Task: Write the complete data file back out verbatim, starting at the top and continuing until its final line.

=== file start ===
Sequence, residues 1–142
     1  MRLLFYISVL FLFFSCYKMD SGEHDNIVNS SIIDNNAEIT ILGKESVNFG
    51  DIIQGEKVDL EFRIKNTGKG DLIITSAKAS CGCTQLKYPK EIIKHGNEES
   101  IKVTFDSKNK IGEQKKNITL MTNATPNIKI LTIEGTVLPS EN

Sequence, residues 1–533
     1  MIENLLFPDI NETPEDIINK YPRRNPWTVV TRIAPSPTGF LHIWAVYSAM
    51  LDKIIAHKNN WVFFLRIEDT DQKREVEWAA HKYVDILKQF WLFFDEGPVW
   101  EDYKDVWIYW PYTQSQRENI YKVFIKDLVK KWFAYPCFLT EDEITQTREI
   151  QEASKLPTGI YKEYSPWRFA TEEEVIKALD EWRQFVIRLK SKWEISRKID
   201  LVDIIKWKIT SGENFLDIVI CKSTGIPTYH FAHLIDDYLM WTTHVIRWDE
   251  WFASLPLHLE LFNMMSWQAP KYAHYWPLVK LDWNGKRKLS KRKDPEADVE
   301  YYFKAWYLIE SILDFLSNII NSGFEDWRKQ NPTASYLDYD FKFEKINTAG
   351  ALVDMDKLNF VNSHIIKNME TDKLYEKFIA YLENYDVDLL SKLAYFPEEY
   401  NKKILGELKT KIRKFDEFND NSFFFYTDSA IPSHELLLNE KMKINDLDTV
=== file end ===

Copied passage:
Sequence, residues 1–142
     1  MRLLFYISVL FLFFSCYKMD SGEHDNIVNS SIIDNNAEIT ILGKESVNFG
    51  DIIQGEKVDL EFRIKNTGKG DLIITSAKAS CGCTQLKYPK EIIKHGNEES
   101  IKVTFDSKNK IGEQKKNITL MTNATPNIKI LTIEGTVLPS EN

Sequence, residues 1–533
     1  MIENLLFPDI NETPEDIINK YPRRNPWTVV TRIAPSPTGF LHIWAVYSAM
    51  LDKIIAHKNN WVFFLRIEDT DQKREVEWAA HKYVDILKQF WLFFDEGPVW
   101  EDYKDVWIYW PYTQSQRENI YKVFIKDLVK KWFAYPCFLT EDEITQTREI
   151  QEASKLPTGI YKEYSPWRFA TEEEVIKALD EWRQFVIRLK SKWEISRKID
   201  LVDIIKWKIT SGENFLDIVI CKSTGIPTYH FAHLIDDYLM WTTHVIRWDE
   251  WFASLPLHLE LFNMMSWQAP KYAHYWPLVK LDWNGKRKLS KRKDPEADVE
   301  YYFKAWYLIE SILDFLSNII NSGFEDWRKQ NPTASYLDYD FKFEKINTAG
   351  ALVDMDKLNF VNSHIIKNME TDKLYEKFIA YLENYDVDLL SKLAYFPEEY
   401  NKKILGELKT KIRKFDEFND NSFFFYTDSA IPSHELLLNE KMKINDLDTV